6. 6. Only one topic should be included in each hypertext page so that topics can be linked easily. For example, if you have a description of two controls and a comparison between them, you should create three pages, with links from each control to the comparison. Contents In distilling the language of guidelines down to the essential rules, the richness of the decision-making process is often lost. An important role for the style guide is to help the entire user interface team work better. Guide design decisions Style guides are usually effective in documenting simple rules like colors and fonts. The problem is that few of the important design decisions can be based on simple rules; more often “it depends.” Making the guidelines helpful to designers means creating comparison tables between options (for example, showing strengths and weaknesses of lists, trees and grid controls) or providing other information to help them make good design decisions. Give design elements ‘mission statements’ Mission Statement It can often be difficult to communicate the essence of a design element Example or interaction style, especially when guidelines are not clear-cut. Rather than bury this information in the formal (“must” and “shall”) language Popup windows will: of standards, include a simple mission statement to explain how the Reduce the need for navigation by... element enhances the user experience. These mission statements may be showing additional detail the first step in creating a formal guideline, acting as a checkpoint to ensure that everyone agrees on the basic issues. In some cases, it may collecting input just-in-time not be possible to create a more detailed guideline. In either case, the Increase user success in navigation mission statement serves to document the intent of any later work and by... can be used as a test against which proposed guidelines are measured. providing better information scent Connect design guidelines to user analysis showing options for actions Include documentation of user characteristics, demographics or profiles for all of the user groups considered in creating the style guide. When collecting missing information there is data from usability tests or other user analysis to back up a Stop the action for a user response guideline, include it. This not only provides a clear user-centered basis for… for any decisions, but can also be helpful in determining when a guideline needs to be re-considered or expanded. CASE STUDIES Two examples from Cognetics’ experience illustrate the value of using a style guide to document and support an ongoing design process: A multi-designer, complex product In this project, the goal of the style guide was to help a group of UI designers create an interface for a new modular product that would share a common look and feel and be very usable. Each designer worked in a small cross- functional team on one of the modules. Weekly design meetings served as a forum to compare approaches and resolve any issues. The group created both design guidelines and programming requirements. As decisions were made in these meetings, the information was posted to a web site for review. Topics ranged from visual and layout standards to guidance on design approaches. The style guide functioned both as a collaboration and a publication tool, serving both the design group and (later) the program architects and developers. A web site for online sales of several publications In this project, a small central design team created design guidelines for a larger group of product and content developers. Both the core group and the product teams were spread out geographically, making collaboration difficult. The style guide became a primary communication tool, with one team member assembling all of the content for the team. Easy access to the growing site also enabled the product designers to review the guidelines and ensure that the work would meet their requirements. Building a Better Style Guide Page 6 ©2001, Whitney Quesenbery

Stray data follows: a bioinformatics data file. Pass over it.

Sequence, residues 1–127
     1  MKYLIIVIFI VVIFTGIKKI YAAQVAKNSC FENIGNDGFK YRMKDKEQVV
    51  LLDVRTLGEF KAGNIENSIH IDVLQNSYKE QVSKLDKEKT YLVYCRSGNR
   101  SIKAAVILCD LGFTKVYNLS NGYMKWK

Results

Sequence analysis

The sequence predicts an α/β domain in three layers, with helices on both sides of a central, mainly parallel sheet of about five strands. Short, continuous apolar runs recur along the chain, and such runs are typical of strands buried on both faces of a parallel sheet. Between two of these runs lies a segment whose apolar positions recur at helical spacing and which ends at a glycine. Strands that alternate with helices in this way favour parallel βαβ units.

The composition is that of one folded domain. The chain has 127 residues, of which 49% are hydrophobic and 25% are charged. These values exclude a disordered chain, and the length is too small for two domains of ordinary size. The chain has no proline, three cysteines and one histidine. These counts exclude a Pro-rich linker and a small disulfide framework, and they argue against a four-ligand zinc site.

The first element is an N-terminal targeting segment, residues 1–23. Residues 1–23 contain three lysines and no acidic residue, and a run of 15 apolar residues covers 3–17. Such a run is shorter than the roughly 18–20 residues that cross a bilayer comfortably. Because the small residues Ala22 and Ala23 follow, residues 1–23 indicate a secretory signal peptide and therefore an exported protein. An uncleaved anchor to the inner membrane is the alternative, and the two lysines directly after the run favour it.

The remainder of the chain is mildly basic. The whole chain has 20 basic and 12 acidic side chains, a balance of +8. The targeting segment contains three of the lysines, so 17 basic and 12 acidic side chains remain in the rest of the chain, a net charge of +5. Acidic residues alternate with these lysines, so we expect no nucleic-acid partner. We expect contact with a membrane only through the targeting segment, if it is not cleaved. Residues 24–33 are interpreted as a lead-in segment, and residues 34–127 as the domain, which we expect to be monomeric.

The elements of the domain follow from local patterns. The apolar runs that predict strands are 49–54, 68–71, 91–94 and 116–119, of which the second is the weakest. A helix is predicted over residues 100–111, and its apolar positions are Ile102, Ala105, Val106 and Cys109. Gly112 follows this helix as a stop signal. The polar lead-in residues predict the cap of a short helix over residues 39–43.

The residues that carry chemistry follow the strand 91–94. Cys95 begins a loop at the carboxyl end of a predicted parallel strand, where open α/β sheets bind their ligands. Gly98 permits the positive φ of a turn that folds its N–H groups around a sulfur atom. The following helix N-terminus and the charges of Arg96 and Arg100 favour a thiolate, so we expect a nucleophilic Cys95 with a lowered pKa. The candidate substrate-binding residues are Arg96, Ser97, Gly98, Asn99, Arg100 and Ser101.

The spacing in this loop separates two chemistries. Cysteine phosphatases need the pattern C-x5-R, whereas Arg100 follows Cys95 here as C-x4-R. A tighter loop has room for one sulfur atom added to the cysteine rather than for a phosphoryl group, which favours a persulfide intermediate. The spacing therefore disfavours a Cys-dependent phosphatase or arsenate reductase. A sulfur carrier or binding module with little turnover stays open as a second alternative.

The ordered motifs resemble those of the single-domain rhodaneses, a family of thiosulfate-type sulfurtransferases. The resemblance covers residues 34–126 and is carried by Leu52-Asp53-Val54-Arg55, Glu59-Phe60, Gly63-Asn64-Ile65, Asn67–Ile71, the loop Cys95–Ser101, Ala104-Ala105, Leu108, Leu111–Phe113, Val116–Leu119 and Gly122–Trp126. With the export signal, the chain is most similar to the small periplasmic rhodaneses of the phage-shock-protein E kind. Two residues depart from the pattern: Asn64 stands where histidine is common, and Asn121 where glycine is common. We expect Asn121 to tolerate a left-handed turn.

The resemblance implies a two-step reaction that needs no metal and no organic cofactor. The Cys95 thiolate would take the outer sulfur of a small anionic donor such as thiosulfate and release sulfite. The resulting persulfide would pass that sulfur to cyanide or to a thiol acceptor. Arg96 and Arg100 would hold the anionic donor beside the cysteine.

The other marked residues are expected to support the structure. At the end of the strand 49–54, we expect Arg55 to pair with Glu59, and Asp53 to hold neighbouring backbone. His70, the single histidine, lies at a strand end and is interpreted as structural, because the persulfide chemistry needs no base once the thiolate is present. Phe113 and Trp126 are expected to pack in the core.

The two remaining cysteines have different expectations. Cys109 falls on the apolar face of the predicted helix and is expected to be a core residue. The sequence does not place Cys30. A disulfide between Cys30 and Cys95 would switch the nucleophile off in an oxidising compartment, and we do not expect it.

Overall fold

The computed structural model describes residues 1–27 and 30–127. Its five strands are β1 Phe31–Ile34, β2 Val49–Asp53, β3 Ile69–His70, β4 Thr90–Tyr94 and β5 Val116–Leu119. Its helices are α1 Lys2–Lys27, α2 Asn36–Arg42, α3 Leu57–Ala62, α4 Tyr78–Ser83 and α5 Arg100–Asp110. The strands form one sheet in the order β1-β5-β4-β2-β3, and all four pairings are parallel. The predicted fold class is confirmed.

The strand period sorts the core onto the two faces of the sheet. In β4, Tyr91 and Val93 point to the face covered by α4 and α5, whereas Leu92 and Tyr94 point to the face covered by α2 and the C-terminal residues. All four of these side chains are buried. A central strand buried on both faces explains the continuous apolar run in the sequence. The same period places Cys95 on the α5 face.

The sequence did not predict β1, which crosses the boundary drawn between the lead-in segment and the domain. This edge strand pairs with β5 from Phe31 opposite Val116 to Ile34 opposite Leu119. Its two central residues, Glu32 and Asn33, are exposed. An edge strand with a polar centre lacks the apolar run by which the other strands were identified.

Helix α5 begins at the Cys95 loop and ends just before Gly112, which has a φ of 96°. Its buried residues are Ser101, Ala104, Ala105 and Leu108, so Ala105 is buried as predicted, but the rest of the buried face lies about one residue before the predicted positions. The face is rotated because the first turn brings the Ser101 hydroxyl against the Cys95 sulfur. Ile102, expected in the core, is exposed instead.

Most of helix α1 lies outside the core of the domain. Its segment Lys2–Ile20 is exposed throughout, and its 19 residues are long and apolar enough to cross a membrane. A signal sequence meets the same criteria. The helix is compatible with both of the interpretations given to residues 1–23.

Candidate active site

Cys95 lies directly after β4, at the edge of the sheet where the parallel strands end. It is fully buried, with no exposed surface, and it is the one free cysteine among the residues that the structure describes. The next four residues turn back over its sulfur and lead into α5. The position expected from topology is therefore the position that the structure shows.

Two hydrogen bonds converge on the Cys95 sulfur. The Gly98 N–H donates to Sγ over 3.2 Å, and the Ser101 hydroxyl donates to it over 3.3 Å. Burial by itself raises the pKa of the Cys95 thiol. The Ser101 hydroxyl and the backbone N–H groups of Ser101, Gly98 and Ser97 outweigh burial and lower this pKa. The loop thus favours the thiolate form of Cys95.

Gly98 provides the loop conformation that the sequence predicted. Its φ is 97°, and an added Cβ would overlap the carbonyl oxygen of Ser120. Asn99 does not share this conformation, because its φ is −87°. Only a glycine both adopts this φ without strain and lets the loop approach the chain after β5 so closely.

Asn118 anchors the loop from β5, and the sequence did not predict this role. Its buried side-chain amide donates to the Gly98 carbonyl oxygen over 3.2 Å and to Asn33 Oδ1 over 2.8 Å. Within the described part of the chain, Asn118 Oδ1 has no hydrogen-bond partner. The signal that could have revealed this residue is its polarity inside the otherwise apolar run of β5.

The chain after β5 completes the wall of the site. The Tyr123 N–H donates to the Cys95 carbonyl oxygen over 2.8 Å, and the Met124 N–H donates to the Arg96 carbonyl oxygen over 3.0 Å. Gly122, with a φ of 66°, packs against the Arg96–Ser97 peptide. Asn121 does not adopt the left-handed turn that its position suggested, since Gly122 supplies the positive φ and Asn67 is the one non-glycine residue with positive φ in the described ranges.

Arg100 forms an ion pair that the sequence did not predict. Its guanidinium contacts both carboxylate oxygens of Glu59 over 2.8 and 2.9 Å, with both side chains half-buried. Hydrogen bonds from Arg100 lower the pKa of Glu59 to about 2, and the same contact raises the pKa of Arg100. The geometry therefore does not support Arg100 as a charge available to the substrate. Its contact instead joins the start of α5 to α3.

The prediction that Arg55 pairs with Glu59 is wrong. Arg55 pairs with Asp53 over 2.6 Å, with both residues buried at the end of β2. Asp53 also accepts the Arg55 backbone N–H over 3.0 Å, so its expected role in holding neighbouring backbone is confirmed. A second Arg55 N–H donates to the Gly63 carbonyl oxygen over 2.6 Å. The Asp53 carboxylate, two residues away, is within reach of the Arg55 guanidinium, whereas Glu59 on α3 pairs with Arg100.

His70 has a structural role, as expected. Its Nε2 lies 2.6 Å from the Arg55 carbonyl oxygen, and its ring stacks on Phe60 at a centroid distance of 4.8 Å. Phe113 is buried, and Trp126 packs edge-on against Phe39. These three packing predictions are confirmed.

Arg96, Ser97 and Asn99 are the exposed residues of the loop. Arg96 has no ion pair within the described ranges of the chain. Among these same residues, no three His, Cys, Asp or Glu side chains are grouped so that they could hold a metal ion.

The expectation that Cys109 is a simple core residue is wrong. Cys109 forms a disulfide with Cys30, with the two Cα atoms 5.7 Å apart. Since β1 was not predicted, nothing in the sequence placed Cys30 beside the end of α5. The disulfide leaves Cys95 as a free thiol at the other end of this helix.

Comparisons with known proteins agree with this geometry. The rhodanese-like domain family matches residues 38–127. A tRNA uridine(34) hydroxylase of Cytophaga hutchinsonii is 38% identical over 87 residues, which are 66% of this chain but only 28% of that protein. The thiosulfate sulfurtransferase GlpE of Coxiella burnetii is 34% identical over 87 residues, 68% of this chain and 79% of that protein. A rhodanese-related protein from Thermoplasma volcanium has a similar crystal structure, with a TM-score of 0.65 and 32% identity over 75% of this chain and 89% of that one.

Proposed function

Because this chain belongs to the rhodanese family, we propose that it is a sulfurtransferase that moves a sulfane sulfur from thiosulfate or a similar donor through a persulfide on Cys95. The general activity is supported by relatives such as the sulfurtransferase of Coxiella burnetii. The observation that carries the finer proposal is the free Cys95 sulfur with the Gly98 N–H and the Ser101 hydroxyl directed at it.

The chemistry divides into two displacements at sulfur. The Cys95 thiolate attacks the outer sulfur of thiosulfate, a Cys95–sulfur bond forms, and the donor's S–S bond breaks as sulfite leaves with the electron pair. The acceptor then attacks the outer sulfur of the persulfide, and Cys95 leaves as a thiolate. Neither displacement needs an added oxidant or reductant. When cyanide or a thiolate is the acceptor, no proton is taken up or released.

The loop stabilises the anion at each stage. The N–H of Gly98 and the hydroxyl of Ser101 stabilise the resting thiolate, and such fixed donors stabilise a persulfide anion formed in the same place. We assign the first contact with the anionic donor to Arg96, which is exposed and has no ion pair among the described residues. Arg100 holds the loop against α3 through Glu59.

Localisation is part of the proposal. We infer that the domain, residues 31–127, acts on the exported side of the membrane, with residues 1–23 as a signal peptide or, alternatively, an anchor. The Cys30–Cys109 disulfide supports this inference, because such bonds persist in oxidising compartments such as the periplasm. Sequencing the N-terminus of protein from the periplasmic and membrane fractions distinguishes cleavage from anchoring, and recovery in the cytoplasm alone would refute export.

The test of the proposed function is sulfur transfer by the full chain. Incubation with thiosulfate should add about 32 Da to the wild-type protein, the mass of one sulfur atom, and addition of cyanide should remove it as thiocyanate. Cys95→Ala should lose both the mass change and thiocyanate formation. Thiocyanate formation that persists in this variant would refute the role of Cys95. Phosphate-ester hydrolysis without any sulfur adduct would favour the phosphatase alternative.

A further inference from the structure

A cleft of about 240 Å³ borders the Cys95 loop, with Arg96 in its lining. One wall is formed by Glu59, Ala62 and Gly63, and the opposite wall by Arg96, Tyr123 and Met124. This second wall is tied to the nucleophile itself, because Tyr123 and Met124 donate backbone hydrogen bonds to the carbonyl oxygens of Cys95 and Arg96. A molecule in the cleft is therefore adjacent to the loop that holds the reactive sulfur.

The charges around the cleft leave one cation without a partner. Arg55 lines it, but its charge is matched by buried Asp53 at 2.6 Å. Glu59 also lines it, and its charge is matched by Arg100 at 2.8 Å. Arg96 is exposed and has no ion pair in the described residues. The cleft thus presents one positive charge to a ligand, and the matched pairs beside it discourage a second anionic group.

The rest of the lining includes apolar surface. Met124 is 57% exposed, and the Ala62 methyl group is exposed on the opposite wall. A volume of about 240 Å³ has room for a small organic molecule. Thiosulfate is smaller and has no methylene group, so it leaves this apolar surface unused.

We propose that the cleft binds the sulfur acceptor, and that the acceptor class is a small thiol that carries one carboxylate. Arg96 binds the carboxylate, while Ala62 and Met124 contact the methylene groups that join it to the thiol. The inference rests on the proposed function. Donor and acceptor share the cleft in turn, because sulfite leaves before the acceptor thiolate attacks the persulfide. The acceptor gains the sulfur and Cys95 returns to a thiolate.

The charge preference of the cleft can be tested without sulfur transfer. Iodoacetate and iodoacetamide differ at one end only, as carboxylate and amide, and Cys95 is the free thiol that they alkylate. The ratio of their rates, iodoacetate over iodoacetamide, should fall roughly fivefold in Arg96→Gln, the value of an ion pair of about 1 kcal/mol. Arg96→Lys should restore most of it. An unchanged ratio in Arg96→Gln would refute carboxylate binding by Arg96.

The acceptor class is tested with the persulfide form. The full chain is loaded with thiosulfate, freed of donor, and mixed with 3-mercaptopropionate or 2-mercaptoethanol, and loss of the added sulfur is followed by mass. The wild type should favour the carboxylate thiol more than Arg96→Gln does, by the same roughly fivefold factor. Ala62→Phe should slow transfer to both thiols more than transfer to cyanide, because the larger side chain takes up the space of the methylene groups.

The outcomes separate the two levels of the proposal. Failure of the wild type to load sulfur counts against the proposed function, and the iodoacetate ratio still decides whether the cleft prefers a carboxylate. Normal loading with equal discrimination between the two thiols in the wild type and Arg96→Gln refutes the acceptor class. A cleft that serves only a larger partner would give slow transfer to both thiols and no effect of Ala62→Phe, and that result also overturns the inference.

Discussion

7. 7. Although these two projects differed in terms of organization, and the development and design processes there were many commonalties: Initial attempts to create visual design guidelines quickly revealed dependencies on the design for of user interaction and navigation. Create a structure for the style guide that allowed us to collect (and link between) different aspects of the design as it emerged was important. In both cases, there were many strong design voices that needed to be reconciled. Providing a forum for discussion with concrete examples helped move the conversation from “opinion wars” to a debate on the issues. By using the style guide as a tool during the creation of the design, the staff became accustomed to using it as a daily reference tool. In addition to the obvious value of creating a useful tool, it meant that there were fewer surprises when the guide was released. The inclusion of critical information for the developers, such as image libraries and stylesheet examples, gave them a reason to access the sites on an ongoing basis. In one case, there was a push to add more related information to the style guide site because it was a tool which was already being used. The inclusion of design rationale with visual and interaction rules helped new designers understand the reasoning behind the guidelines. This also provided a good starting point for discussion when a decision had to be revisited. USING A STYLE GUIDE TO BUILD CONSENSUS Making and living with design decisions can be difficult, especially when several different products and different designers must all live with common guidelines. As a document, a style guide houses the details of the design that must be followed. As a process, the construction of the style guide can be used to create a shared design vision for the look and feel it documents. Our experience at Cognetics has been that when the style guide is the central location for all design material and its creation is part of the process, the guide itself can help build consensus among the team. Building a Better Style Guide Page 7 ©2001, Whitney Quesenbery